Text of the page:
Postdoctoral position

Postglacial migration of sugar maple: joint analysis of paleoecological and genomic data

Summary. Climate change, whether historical or contemporary, rearranges biodiversity patterns at all hierarchical levels, from gene to biome. Postglacial migration represents one of the key responses of species to the last global climate warming associated with a transition from the glacial maximum to the current interglacial. Similarly, species are expected to extend their range to higher latitudes as a response to contemporary global changes. However, the velocity of modern-day global warming might outpace the speed of tree migration, with potentially deleterious consequences for forest ecosystems. In northeastern North America, sugar maple is the dominant species of the ecotone between the temperate and boreal forests. This transition zone is currently under increasing climatic stress, with uncertain impact on forest dynamics and composition. A better understanding of the biogeographic processes and patterns leading to the establishment of sugar maple at its northern limit will enable us to anticipate future changes at the interface between temperate and boreal forest biomes. The project aims to characterize the postglacial migration of sugar maple at its leading edge based on the latest paleoecological and molecular data available. Postglacial migration will be inferred based on pollen diagrams from over 100 lakes and peatlands, and fire history will combine information from over 40 sites. Genotyping data from modern-day trees (SSRs and SNPs) will be used to determine the genetic structure resulting from postglacial colonization. This integration of paleoecological and molecular data will enable us to infer a chronology of postglacial colonization by the various genetic lineages of sugar maple, which will provide a better understanding of the effect of climate and natural disturbances on the expansion potential of the different genetic lineages at the northern limit of this foundation species.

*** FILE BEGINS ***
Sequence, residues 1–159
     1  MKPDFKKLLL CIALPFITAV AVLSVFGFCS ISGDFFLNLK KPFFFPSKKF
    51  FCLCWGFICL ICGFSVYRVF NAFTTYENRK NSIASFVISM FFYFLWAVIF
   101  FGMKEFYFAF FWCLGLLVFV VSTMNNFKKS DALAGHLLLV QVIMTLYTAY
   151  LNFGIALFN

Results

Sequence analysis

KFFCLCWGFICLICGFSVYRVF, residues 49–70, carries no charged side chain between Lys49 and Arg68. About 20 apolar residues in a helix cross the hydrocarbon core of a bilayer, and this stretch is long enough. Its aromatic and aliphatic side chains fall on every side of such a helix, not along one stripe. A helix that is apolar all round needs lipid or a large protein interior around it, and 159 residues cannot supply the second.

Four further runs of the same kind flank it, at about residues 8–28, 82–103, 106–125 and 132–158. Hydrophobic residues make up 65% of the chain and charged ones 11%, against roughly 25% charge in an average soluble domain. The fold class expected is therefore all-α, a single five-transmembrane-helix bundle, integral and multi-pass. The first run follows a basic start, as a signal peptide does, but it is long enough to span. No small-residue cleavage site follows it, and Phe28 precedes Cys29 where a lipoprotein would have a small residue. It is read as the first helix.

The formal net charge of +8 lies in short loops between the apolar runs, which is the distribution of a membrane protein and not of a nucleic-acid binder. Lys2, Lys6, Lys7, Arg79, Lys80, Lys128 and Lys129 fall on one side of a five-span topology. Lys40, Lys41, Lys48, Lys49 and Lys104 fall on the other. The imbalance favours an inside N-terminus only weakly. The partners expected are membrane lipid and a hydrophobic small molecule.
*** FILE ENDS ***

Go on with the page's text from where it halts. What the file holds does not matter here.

Qualifications. We are looking for a motivated candidate having a PhD in biological sciences, environmental sciences, forestry or geography, and expertise in one of the following disciplines: biogeography, paleoecology, population genetics, terrestrial ecology, or a related field. The candidate will join a dynamic, interdisciplinary research team, in which she or he will have the opportunity to realize his or her full potential and develop a rich and fulfilling scientific life. We recognize that equity, diversity, and inclusion enrich the research environment, enhance the quality, relevance, and impact of research, and provide opportunities for all. Our team members thrive to eliminate barriers affecting designated groups, discrimination, and incivility.

Date, duration, benefits. As soon as possible, one-year renewable contract, 60,000 CAD/year.

Application. Please send a statement outlining your research/professional interests and academic background and a CV to:

Prof. Guillaume de Lafontaine
Canada research Chair in integrative biology of the northern flora
Université du Québec à Rimouski
300 allées des Ursulines, Rimouski QC, G5L3A1, Canada
Phone: 1-418-723-1986 ext. 1061